Richard Charles Geddes was born in Carlisle, Cumbria, England in late-1880 and his birth was registered in the last quarter of that year. He was the son of Richard Charles Geddes (1848-1894) and Ann Thomlinson (1846-1924), both Cumberland-natives who had married in Carlisle in 1872.
On the 1881 census Richard is listed as a 6-month-old infant with his family at 21 Corporation Road, Rickergate, Carlisle. His father is described as a general labourer and present also are his siblings: Ann Bousted (b. 1873), John (b. 1877) and James Bousted (b. 1879). On the 1891 census Richard and his family are living at Hodgsons Lane, Stanwix, Cumbria and his father is now listed as a gardener. He has also gained a sibling, Emma (b. 1887).
Richard was married in Carlisle in early 1900 to Sarah Ann Armstrong (b. 1879 in Carlisle). The couple are listed on the 1901 census living at "Brunstock" (?) in Crosby-on-Eden, Stanwix, Cumbria with their 8-month-old daughter Elsie. Richard is described as a solicitor's clerk.
By the time of the 1911 census the family have resettled in Hampshire following a brief spell in Liverpool where their son Leslie Stuart was born in 1905. The 1911 census lists them living at 80 Grove Road, Freemantle, Southampton and Richard is described as a ship's steward. Richard and his wife would have another child, Marjorie, later on September 18, 1911.
When he signed-on to the Titanic, on 4 April 1912, Richard gave his address as 80 Grove Road, Southampton. His last ship had been the Olympic. As a bedroom steward he received monthly wages of £3 15s.
Richard penned a letter to his wife which was posted in Queenstown (spelling and grammar uncorrected):
On board RMS Titanic
My dearest Sal
We got away yesterday after a lot of trouble. As we were passing the New York and Oceanic the New York broke her ropes and nearly ran into us but we just happened to avoid a collision. I could see visions of Belfast it must have been a trying time for the Captain.
Well sweetheart there is none of us got much of a show and there won't be much made on the outward journey but it wont matter as long as we get something good on the homeward one. well it cannot be helped we might be luckier next trip, now I hope you are feeling good and not worrying, because I think you needn't. how is my little sweetheart getting along I guess she misses me a wee bit, what do you think;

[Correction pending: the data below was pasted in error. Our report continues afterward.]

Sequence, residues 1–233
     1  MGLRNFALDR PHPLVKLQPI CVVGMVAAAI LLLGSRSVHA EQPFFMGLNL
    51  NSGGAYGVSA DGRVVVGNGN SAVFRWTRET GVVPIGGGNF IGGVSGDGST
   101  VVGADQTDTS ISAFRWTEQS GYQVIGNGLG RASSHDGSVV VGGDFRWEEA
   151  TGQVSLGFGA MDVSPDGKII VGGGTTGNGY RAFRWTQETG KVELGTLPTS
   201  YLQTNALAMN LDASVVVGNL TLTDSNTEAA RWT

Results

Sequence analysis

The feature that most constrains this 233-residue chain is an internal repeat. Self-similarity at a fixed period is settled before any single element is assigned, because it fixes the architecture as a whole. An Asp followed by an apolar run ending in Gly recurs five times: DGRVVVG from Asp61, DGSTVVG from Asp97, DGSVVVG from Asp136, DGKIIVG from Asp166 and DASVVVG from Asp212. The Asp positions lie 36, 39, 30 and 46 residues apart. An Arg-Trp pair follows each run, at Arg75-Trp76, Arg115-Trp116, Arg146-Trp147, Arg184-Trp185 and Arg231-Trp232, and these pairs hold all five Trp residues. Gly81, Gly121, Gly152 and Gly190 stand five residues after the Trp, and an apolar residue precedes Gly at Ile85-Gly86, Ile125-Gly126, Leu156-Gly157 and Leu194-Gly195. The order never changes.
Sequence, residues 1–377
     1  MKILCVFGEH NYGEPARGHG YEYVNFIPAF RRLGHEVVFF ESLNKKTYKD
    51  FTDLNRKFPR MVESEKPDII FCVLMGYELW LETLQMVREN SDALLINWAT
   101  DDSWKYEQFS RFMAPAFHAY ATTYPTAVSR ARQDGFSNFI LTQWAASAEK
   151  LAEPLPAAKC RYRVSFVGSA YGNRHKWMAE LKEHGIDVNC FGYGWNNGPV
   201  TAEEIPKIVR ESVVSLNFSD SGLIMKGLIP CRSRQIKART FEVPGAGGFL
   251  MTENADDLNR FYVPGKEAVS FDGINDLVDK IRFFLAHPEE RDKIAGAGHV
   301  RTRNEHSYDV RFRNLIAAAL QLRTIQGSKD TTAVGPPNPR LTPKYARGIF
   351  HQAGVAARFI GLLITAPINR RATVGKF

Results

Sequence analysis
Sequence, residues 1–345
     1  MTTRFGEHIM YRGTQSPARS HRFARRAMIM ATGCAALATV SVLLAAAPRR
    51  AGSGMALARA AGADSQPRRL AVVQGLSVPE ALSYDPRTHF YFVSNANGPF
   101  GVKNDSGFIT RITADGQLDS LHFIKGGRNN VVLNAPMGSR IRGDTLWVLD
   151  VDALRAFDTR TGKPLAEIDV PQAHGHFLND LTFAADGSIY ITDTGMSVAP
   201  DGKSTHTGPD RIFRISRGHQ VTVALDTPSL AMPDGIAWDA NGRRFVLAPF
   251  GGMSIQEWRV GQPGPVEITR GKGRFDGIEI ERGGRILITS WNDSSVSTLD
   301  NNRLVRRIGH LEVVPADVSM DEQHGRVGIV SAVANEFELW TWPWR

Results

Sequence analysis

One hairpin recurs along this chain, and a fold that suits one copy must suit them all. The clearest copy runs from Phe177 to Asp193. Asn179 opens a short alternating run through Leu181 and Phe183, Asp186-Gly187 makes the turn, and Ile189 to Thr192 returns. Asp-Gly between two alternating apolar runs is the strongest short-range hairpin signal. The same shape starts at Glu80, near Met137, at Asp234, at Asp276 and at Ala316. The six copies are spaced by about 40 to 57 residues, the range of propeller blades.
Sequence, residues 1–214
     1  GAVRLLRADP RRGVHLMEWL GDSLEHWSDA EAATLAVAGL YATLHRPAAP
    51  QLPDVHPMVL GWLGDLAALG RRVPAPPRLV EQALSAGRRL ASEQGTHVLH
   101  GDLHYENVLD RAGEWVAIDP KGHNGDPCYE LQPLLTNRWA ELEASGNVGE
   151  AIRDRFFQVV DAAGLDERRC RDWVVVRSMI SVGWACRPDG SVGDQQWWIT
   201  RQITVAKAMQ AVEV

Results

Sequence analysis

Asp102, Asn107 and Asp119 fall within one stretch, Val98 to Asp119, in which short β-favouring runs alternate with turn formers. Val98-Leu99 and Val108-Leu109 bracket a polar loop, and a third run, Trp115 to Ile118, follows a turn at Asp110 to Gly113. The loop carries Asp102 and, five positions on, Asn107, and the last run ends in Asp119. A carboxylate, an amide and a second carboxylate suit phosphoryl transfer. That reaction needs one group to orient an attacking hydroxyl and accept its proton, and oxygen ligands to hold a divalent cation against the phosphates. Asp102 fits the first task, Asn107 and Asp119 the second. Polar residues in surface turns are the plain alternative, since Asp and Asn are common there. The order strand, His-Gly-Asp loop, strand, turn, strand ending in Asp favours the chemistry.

This ship is going to be a good deal better than the Olympic at least I think so, steadier and everything up till now.
If we get in on time on Wednesday and there happens to be a boat I will write from New York but you see if there isn't it will come by ours and that won't be any good.
I will drop a letter card to... you had better write too. I will close now dear I haven't any news. I am feeling pretty good.
With fondest love and kisses to my dear wife and kiddies.
Your affectionate husband Dick xxxxx
Geddes died in the sinking. His body, if recovered, was never identified.
Richard's widow Sarah Ann gained financial assistant from the Titanic Relief Fund and she never remarried. She died in Droxford, Hampshire in 1951 aged 71.
His son Leslie would later marry Queenie Phillips in 1930 and died in Southampton in 1940. His daughter Marjorie married Frank Eames in 1935 and she passed away in Southampton in 1997. His daughter Elsie was married in 1919 to Arthur Davies but what became of her isn't certain.
Richard Charles Geddes is remembered on the family grave at Stanwix Cemetery, Carlisle.
A husband's letter to his wife shed new light on other possible things that might have led to the Titanic disaster. A letter penned by steward Richard Geddes...